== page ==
Merkel: Germany will spend what it must restore flood harm | World information

BERLIN (AP) – Chancellor Angela Merkel announced on Friday that the German authorities would provide as much money as was needed to repair the damage caused by the devastating floods in July, and renewed the promise of quick relief when she did returned to the valley worst hit by the disaster.

In the floods of July 14-15, which also died in neighboring Belgium, more than 180 people were killed in Germany and hundreds more were injured. Heavy rains turned small streams into torrential torrents and swept away houses, bridges, and cars. The narrow Ahr valley near Bonn in western Germany was most severely damaged.

The federal government quickly put together an emergency aid package of around 400 million euros (US $ 474 million) for the flood victims. Last month it agreed to provide € 30 billion ($ 36 billion) in longer-term aid to rebuild the affected regions.

Merkel said after her visit to Altenahr on Friday that the seven weeks since her first assessment of the flood damage had brought a lot of progress, but added: “I have great respect for what lies ahead.”

“We have a very, very long way to go,” said the long-time chairman, who will not stand for re-election in the federal election this month.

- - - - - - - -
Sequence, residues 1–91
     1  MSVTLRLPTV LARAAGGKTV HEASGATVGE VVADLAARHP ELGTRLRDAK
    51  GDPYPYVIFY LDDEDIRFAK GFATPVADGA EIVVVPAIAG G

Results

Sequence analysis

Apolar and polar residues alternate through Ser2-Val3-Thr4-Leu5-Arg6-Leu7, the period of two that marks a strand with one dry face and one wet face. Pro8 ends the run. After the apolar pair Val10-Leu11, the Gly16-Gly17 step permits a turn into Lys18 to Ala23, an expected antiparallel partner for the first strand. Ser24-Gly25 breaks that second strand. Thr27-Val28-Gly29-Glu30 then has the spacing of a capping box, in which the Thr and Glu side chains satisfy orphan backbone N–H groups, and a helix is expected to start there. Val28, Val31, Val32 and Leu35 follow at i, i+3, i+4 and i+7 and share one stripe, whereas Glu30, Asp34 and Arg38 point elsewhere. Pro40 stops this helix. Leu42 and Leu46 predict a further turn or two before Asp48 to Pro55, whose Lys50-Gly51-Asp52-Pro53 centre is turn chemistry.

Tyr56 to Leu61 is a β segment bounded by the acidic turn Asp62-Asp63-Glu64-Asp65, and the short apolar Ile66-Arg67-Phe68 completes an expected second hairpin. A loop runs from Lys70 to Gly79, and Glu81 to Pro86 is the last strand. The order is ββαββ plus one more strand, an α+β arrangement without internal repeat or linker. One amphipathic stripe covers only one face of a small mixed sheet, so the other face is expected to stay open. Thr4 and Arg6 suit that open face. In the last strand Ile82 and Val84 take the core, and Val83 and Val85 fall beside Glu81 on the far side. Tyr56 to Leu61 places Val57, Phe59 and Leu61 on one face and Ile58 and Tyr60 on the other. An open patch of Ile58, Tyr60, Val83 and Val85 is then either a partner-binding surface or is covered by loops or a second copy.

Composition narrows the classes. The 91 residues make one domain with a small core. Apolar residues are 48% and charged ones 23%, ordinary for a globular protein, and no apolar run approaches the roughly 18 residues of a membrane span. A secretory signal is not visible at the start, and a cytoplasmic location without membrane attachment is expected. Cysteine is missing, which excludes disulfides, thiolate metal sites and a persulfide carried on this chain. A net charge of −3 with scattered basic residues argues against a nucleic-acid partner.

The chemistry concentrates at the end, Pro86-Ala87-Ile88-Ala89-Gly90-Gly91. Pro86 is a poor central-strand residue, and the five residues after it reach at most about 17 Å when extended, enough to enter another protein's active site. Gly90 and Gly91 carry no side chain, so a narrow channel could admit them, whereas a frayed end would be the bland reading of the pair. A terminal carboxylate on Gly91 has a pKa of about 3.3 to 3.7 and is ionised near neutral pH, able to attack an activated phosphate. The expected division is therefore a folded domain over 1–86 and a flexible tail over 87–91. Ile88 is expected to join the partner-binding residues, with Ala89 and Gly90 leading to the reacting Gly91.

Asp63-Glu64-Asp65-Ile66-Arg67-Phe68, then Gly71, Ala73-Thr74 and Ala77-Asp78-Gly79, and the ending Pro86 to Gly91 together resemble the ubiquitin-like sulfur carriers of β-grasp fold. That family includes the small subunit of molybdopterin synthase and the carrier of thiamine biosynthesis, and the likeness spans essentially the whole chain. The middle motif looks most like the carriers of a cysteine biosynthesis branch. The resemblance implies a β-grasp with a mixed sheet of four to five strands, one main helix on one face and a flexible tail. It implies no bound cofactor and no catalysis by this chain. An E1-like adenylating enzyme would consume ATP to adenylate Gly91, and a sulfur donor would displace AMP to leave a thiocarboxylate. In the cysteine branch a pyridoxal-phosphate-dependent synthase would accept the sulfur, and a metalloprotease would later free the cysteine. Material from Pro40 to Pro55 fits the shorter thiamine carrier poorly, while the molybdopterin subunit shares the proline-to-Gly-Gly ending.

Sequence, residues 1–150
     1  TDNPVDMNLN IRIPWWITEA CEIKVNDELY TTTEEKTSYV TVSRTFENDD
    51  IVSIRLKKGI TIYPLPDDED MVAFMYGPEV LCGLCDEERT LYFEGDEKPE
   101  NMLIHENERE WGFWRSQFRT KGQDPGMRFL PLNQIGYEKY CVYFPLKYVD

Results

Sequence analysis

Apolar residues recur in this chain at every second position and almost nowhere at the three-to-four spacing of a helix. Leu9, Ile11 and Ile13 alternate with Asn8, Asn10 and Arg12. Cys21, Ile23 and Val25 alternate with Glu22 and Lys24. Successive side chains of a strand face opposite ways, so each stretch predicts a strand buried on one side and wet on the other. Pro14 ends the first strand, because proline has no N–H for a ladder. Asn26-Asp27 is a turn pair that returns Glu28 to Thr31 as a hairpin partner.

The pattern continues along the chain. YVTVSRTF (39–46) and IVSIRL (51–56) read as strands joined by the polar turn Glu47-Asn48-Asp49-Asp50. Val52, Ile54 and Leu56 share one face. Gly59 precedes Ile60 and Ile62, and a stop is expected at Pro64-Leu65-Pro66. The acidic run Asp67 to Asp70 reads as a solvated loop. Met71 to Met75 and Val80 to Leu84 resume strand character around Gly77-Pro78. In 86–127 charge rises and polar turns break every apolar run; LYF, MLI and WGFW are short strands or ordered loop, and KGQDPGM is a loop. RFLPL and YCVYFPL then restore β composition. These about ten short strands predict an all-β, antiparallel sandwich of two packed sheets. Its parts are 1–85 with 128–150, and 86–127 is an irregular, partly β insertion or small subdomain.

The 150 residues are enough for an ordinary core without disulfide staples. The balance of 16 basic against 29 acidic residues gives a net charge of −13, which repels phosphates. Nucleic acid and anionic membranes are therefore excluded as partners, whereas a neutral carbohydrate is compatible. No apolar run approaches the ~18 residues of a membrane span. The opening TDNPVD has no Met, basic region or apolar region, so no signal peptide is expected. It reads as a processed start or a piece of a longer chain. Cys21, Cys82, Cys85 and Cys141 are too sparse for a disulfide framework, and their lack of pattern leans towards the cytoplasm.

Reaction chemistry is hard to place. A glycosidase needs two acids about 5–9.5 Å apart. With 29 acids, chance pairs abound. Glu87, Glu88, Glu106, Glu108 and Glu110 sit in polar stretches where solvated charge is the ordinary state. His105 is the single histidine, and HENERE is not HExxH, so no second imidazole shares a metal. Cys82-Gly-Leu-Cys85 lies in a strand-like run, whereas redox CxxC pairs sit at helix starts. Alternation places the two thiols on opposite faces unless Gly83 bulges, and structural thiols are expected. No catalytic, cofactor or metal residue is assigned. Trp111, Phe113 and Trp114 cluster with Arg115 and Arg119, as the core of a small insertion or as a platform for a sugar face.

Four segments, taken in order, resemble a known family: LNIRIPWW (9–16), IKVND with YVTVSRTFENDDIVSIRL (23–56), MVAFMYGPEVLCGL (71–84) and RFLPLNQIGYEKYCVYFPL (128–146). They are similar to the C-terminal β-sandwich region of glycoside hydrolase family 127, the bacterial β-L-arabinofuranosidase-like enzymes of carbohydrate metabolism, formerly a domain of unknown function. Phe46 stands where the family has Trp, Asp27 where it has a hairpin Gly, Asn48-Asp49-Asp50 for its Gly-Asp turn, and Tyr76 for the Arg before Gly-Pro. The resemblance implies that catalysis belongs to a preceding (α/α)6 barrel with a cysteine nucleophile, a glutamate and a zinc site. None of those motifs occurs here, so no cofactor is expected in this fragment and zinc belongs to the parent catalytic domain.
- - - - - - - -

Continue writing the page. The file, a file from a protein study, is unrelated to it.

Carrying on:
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When asked whether 30 billion euros would be enough to cover the costs of the reconstruction, Merkel said that if not, “every future federal and state government will say: ‘Then we have to do more.'”

“Nobody has to fear that this will fail because of the money,” she said during a press conference.

According to estimates by a German insurance company, the floods caused insured damage of around 7 billion euros (8.3 billion US dollars). The total damage will be significantly higher because many buildings were not insured against “natural hazards” such as floods.

The governor of Rhineland-Palatinate, Malu Dreyer, said that reconstruction aid could be applied for at the beginning of October.

“I understand the impatience, but we’re really working to make it very straightforward for people,” she said.

Altenahr’s mayor Cornelia Weigand said that the reconstruction of the Ahr valley could be tackled as a European “model” for communities near waterways.

“We have to develop concepts for how we can continue to live safely on such rivers in times of climate change,” she said.

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